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What is a Parish Council

A Parish Council is a local authority.. All local authorities are corporate bodies created by statute or by royal charter. Parish councils make up the first tier of local government in England and are the layer of local government closest to the communities they represent

Parish councils are corporate bodies.  It is the corporate body, of a council acting in its own name, which undertakes activities conferred on it by statute and is therefore capable of owning or transferring land, entering into contracts and taking or defending legal action. A parish council enjoys its legal status and identity until it is dissolved by operation of the law. As a corporate body, a parish council has a separate and distinct legal identity to the Councillors who make up the council and the Officers who are employed by the council. 

Members of a parish council are democratically elected and have a fiduciary duty to their local government tax payers.

Since 1894 parish councils have been able to exercise functions and powers specifically conferred on them by legislation or by arrangement with another local authority. Importantly, as with any body corporate, a parish council can only do that which it is authorised to do by statute. It must not do anything which it is prohibited to do by statute.  A parish council must ensure that its processes and decisions are not ultra vires (beyond its legal powers). It is the principle of ultra vires which requires the need for governance in any local authority, including a parish council.  For there to be public confidence in a council’s decision making process, it is desirable for that process to be as transparent as the decision itself.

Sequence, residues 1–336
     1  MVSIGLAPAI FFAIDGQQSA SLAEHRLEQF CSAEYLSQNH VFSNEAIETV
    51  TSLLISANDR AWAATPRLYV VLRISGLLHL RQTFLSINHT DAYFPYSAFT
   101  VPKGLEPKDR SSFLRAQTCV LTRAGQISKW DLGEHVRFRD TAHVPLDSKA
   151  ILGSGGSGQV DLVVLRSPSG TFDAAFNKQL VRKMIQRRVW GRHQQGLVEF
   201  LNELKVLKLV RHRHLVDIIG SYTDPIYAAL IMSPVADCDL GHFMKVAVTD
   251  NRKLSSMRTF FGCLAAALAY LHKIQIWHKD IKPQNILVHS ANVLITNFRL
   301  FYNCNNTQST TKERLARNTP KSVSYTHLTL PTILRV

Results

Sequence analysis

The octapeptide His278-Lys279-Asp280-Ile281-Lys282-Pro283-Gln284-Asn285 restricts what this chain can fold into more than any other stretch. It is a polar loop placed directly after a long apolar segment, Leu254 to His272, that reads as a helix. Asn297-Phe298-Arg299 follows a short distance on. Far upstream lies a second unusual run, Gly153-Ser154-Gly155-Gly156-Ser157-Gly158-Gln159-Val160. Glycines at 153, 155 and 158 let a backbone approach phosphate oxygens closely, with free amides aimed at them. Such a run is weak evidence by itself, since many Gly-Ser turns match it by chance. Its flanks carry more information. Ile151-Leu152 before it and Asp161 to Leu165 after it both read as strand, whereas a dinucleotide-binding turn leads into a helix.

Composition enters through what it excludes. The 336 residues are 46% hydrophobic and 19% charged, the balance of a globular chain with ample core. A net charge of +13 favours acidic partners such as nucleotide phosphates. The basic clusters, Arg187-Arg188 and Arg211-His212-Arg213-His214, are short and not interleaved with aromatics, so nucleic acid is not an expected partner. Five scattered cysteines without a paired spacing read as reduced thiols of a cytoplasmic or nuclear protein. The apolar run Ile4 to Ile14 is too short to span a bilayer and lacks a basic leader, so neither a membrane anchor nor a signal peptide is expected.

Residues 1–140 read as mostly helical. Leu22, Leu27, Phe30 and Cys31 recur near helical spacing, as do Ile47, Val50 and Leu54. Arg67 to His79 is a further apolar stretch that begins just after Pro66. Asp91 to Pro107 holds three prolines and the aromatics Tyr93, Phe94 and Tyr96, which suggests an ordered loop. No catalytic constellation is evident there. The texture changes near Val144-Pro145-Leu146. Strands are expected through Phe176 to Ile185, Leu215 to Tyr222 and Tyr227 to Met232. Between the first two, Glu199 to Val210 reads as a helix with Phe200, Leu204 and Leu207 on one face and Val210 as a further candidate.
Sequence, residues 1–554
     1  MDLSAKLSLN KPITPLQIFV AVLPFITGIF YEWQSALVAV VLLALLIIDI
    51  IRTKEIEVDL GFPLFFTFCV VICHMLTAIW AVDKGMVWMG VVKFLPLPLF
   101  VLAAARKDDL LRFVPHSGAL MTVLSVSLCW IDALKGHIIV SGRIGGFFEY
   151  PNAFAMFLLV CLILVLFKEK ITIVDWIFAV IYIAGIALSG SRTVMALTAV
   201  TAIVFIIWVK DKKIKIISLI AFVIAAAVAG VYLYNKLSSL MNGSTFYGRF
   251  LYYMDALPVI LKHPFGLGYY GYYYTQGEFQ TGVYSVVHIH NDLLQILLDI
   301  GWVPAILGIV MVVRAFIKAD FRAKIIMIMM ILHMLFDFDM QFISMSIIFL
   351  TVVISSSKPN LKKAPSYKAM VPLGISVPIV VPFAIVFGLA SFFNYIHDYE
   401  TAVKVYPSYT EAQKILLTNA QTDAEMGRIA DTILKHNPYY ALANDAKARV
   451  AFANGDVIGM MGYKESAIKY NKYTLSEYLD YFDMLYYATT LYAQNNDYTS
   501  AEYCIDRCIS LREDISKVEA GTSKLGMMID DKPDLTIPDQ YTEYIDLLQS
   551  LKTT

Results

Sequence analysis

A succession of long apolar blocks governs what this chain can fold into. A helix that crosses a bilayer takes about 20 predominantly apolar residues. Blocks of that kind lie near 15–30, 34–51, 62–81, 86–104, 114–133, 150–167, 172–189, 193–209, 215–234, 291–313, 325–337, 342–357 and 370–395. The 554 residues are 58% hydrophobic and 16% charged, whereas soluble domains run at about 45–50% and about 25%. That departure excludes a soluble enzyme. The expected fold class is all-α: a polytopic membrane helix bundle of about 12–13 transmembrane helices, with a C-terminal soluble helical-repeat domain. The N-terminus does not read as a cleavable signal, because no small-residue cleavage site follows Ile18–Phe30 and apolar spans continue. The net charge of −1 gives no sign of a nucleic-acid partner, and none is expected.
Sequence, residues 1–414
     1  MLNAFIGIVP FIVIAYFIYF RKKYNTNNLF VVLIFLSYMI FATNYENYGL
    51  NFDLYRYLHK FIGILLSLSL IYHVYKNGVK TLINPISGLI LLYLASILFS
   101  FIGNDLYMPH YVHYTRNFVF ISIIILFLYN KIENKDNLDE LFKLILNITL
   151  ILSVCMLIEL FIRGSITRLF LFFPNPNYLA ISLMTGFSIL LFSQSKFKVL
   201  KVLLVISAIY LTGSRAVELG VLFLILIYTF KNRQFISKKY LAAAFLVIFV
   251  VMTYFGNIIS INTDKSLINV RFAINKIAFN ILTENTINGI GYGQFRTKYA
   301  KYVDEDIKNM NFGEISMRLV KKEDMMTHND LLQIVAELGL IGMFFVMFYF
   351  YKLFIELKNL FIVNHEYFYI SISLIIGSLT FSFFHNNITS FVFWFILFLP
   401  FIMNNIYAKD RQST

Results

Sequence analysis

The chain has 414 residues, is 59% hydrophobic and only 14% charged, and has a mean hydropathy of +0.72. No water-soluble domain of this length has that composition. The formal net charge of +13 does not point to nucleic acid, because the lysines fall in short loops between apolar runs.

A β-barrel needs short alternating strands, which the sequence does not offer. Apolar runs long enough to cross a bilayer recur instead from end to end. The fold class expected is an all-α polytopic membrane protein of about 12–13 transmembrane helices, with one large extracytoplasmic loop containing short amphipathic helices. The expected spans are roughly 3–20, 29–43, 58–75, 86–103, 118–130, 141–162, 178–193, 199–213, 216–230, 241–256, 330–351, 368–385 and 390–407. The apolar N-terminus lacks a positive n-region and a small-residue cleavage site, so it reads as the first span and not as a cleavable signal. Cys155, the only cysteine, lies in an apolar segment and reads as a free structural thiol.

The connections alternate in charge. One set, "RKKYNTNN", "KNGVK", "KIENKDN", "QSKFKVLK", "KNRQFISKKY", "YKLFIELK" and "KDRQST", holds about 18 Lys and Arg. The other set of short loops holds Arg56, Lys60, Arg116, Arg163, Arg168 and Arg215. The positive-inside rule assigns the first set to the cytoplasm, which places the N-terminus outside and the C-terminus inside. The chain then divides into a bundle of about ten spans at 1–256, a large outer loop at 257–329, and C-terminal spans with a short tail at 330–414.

Basic effective governance for a parish council entails:-

  • Understanding statutory duties, powers, and subsequent legal obligations;
  • Efficiently prioritising and undertaking activities arising from statutory duties, powers, and subsequent legal obligations;
  • Observing statutory prohibitions and limitations to their statutory duties and powers; 
  • Engaging with local residents and other key stakeholders to deliver the services and facilities required;
  • Taking informed, transparent decisions and managing risk;
  • Developing and increasing resources (land, property, finances, staff) commensurate with activity undertaken.

Decisions made by any local authority must be made in accordance with procedures laid down in statute. The most important piece of legislation for parish council law and procedure is the Local Government Act 1972 (“the Act”).

All local authorities are required to conduct their business in an open and transparent way and must comply with statutory requirements in relation to decision making and activities undertaken.

Effective governance checks are in place to ensure that the decisions and actions of a local authority are lawful and transparent to the public at large and local council tax payers who have a vested interest in the activities of their parish council.

As with other local authorities or public bodies, if a decision or the expenditure of a parish council is deemed ultra vires for any reason, it can be legally challenged by a judicial review claim in the High Court.